Apple, Nokia, RIM Are Leading New Trends in Handsets
Apple, Nokia and BlackBerry maker RIM are well-positioned to meet the strongest demands of the mobile handset market, which are for high-end and entry-level phones, says a new report from Juniper Research. Motorola's best chance for a turnaround may not be smartphones, but devices for emerging markets.
The midrange mobile handset market is being squeezed, according to a new report from Juniper Research, which found the strongest growth to be among high-end smartphones and low-cost handsets for emerging markets.
These two bookends of the market are expected to account for nearly 79 percent of all new mobile phones by 2014-or just over 1 billion units total-found report author Andrew Kitson.
"Low-cost handset shipments will number more than 700 million in 2014, up by 31 percent from levels seen in 2008, albeit slightly down from a peak of 716 million in 2012, as some users begin to upgrade to costlier devices," Kitson said in a statement.
"At the same time, smartphone shipment volumes will grow continuously across the forecast period, reaching almost 360 million by the end of the period. We therefore expect that midrange device sales volumes will fall by more than 41 percent over the period."
Kitson told eWEEK that there will be some demand for midrange handsets, and Samsung and LG Electronics continue to see demand for these products in Latin America, Asia and parts of Europe. However, Apple has changed the game for everyone.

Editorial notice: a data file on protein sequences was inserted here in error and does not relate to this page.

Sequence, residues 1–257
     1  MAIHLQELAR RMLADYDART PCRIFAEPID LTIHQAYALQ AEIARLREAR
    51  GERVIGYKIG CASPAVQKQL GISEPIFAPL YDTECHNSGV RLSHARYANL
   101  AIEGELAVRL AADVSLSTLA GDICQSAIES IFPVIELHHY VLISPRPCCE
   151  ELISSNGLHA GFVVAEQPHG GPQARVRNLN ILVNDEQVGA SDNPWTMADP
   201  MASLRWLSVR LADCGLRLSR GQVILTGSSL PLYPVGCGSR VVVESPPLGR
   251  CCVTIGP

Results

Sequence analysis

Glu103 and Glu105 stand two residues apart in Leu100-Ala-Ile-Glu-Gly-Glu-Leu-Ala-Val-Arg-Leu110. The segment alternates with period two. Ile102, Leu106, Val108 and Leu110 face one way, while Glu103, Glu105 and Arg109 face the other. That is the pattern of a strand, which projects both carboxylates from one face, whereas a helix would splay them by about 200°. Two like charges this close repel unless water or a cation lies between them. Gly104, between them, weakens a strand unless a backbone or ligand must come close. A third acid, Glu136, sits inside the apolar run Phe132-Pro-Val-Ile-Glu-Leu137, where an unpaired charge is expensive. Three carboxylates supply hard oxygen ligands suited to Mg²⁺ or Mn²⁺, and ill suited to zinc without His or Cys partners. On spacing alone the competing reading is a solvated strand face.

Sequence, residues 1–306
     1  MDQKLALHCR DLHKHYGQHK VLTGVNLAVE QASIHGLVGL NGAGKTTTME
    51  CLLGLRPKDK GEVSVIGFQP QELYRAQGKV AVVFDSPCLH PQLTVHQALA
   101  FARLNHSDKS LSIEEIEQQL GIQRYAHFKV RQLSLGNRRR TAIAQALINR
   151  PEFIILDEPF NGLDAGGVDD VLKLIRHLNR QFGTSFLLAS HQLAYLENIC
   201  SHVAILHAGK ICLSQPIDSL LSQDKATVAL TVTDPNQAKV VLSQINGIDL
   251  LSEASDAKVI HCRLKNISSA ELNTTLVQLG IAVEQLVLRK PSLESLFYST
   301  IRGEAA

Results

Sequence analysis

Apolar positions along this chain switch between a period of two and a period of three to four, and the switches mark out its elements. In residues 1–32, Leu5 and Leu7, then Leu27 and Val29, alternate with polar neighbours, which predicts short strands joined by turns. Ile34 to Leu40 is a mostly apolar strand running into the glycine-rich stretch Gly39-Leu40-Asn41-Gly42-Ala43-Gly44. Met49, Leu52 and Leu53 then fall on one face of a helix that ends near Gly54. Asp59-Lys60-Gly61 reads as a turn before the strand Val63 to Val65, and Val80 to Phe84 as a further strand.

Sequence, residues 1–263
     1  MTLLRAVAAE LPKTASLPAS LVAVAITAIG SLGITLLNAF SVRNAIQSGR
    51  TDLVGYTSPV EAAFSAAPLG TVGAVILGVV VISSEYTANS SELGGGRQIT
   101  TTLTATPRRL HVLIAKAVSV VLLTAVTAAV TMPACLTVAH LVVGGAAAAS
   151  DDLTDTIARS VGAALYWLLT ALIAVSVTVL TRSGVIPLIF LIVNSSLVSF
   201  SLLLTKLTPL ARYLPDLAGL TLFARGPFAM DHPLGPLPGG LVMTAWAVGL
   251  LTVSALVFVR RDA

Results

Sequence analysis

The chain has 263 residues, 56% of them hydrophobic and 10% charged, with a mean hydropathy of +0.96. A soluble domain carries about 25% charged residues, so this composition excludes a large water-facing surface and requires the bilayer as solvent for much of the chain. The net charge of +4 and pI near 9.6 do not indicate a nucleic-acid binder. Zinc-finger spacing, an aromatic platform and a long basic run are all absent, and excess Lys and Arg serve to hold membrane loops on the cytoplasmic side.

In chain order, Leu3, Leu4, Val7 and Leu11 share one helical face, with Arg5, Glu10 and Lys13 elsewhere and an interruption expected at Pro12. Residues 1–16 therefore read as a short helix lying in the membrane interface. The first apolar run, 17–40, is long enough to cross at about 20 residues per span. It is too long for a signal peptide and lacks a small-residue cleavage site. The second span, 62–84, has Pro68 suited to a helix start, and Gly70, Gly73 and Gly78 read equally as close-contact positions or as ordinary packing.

"The iPhone has been a game-changer in so many ways, and those-such as Motorola and Sony Ericsson-[that don't] adapt may not survive," Kitson told eWEEK in an e-mail. He went on to explain that consumers are willing to pay for more features.
"If a phone has wireless broadband, MP3/MP4 media players, touch-screen interfaces, etc., it's likely to do well. Hence, there have been so many iPhone emulators in recent months."
The iPhone and the BlackBerry's growing acceptance among consumers have dealt blows to Motorola, which failed to innovate after its success with the ROKR and RAZR midtier lines, Kitson wrote.
"Moto's phones-which predominantly use operating systems based on the aging Linux and Windows Mobile platforms-look increasingly -last century' to customers won over by the simplicity and elegance of design of the iPhone and BlackBerry," Kitson continued. Moto is now "pinning its hopes on Android," he said, but it may be too late, since Nokia, RIM and Samsung are already "jumping on the apps bandwagon."
The Juniper report details that India, the primary emerging market, accounted for 23 percent of low-cost handset sales in 2008, and by 2013 is expected to account for 22 percent of sales. Emerging markets are also expected to be boosted by services such as Nokia's Life Tools, which offers localized, very targeted information, such as market prices for farmers.
In May, Nokia introduced the 2730 Classic, which at approximately $108 was its least-expensive 3G phone to date. Like the $75, Internet-ready 2720 Fold phone, the 2740 offers access to Life Tools. Kitson suggests this route could also be a good one for Motorola.
"I'm also worried that Motorola-now saddled with massive debts-may focus too much on smartphones and the higher end of the market to save its business," Kitson told eWEEK.
"Our low-cost handsets report finds that the vast majority (75 to 80 percent) of new mobile subscribers will come from emerging markets over the next five years. They won't want or have need of expensive phones. Quite the opposite. So, if Motorola and Sony Ericsson don't cater to that market, they risk being marginalized."